Friday, January 18, 2008

Cooking With Craisins

A few weeks ago Frank Bruni, the NYTimes food critic, posted an entry about chicken on his food blog. One of the opening statements of this entry was that you could really tell a the quality of a restaurant by trying it's chicken dishes, sort of like testing a pizza place by ordering the plain cheese pizza. He then went on to describe some of the better places to get chicken in NYC. Chicken is by far the most common source of protein in the American diet (average annual chicken consumption is about 86 lbs/person) and, due to its low fat content, it is really tough to cook correctly. When done right, though, chicken is really really good. In fact, the best meal I've ever had was a roasted chicken with fries that I had in Porto seven years ago. Anyway, after reading Bruni's blog, I had a craving for a good roast chicken.

I dropped by Savenor's when I got home from work to pick up a chicken, and then got that started while trying to figure out what else to make. We ended up going with potatoes and Brussels sprouts. Turns out, the brussels sprouts were the highlight of the meal, with Craisins as the ingredient that really pushed them over the top. Who'd have thought? The final menu was a simple roasted chicken, garlic and thyme fried smashed potatoes, and roasted brussels sprouts with craisins and lardons. Here are the recipes. The execution of these dishes is pretty non-technical and it comes together fairly quickly. Try it. Its really good....probably one of the best meals I've made in quite some time.
Start by roasting the chicken. If you plan way ahead, you can brine the chicken, but you want to do that a full day ahead. One way to time things would be to brine over night and in the morning dry the chicken off with paper towels and let it air dry in the fridge all day. To get good, crispy skin - and that, after all, is the best part of roast chicken - you need it to be nice and dry. If you have a good quality free range chicken, you don't need to brine it. You should probably always go free range anyway. It doesn't cost that much more and there is really no comparison in taste. Before prepping the chicken, preheat the oven to 450F and take some potatoes (preferably smaller ones, like new potatoes), put them in a pot of cold water and place on high heat. Rinse the chicken off quickly and pat it dry with a paper towel. Truss the chicken (tuck the wings back and tie the legs together, as pictured) and generously sprinkle it with kosher salt and coarsely ground pepper. If you have a temperature probe, stick it in the chicken breast and set the alarm to go off when the internal temperature is 150F. Once the oven is up to temperature, put the chicken in and get to work on the other dishes. Make sure to turn the fan on, since 450F is well above the smoking point for the chicken fat that will render during cooking.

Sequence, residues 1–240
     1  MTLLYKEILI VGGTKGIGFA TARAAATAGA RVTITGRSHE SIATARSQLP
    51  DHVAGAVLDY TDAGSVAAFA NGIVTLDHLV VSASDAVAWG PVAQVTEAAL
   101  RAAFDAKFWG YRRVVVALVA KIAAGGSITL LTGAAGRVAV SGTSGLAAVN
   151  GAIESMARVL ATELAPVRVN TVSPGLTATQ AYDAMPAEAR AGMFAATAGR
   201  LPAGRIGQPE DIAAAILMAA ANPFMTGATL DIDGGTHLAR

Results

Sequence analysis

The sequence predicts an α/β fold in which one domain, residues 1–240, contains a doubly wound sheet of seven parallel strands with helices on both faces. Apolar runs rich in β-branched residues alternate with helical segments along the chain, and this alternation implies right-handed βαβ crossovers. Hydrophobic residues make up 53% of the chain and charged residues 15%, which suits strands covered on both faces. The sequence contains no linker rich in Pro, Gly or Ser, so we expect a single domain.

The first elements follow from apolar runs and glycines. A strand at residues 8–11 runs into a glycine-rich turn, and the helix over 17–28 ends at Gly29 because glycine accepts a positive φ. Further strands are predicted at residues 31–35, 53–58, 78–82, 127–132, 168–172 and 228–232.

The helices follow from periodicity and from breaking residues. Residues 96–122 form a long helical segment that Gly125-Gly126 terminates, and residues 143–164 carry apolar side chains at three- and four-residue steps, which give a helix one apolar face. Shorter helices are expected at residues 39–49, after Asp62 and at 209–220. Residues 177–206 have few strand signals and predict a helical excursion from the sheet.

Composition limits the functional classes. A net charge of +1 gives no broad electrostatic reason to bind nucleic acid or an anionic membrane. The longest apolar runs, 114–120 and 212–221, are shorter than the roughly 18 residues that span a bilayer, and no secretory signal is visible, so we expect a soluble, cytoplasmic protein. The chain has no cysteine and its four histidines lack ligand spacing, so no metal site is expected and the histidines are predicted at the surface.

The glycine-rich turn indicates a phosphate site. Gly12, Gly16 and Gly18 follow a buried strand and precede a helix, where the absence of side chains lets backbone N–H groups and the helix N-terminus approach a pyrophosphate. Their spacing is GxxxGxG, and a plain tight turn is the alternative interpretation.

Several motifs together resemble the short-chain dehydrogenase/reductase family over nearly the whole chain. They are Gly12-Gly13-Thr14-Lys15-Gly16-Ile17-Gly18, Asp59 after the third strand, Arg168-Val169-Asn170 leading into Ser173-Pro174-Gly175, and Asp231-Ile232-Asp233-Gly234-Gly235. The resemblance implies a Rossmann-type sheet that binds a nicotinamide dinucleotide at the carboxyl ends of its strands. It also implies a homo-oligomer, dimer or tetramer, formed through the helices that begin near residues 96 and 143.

By the time the pot with the potatoes comes to a boil, they should be nearly done. Test by seeing if a knife slides into them easily. Once done, take them out of the water and let them cool. While the potatoes are cooling, begin prepping the sprouts. You just want to rinse them off, cut them in half lengthwise, and cut off the very ends of the stalks to clean them up. Place in a pan with some olive oil, salt, and pepper, and then roast them in the oven for about 20-30 minutes.
In the mean time, prep all the other ingredients. For the potatoes, you'll need to chop a few cloves of garlic and mince some thyme. For the sprouts, you'll need craisins and salt pork or pancetta (salt pork is preferable, but probably harder to find). Cut the pork or pancetta into cubes and saute in a large frying pan for about a minute. Add the craisins along with about 1/4 cup to 1/3 cup of water. As this cooks down, it will rehydrate the cranberrys and meld all of the flavors. Craisins are really sweet, so this step allows the saltiness of the pork to cut the sweetness from the craisins. Cook this at med-hi until the liquid is reduced to a thick syrup. When the sprouts are done roasting, just toss them in the pan with this mixture.

While the craisin mix is boiling down, start heating a heavy skillet and smash the potatoes on a cutting boared with a big pot or pan. As soon as the chicken is done, start frying up the smashed potatoes. The chicken will need about 10 minutes to rest (during this time the internal temp should rise another 10 degress to 160F), and this is about all the time you need to finish the potatoes. Place them in the skillet with a bunch of chopped garlic and thyme and sprinkle with salt and pepper. Cook until they are nice and crispy on each side.

This meal should take a little over an hour to make.

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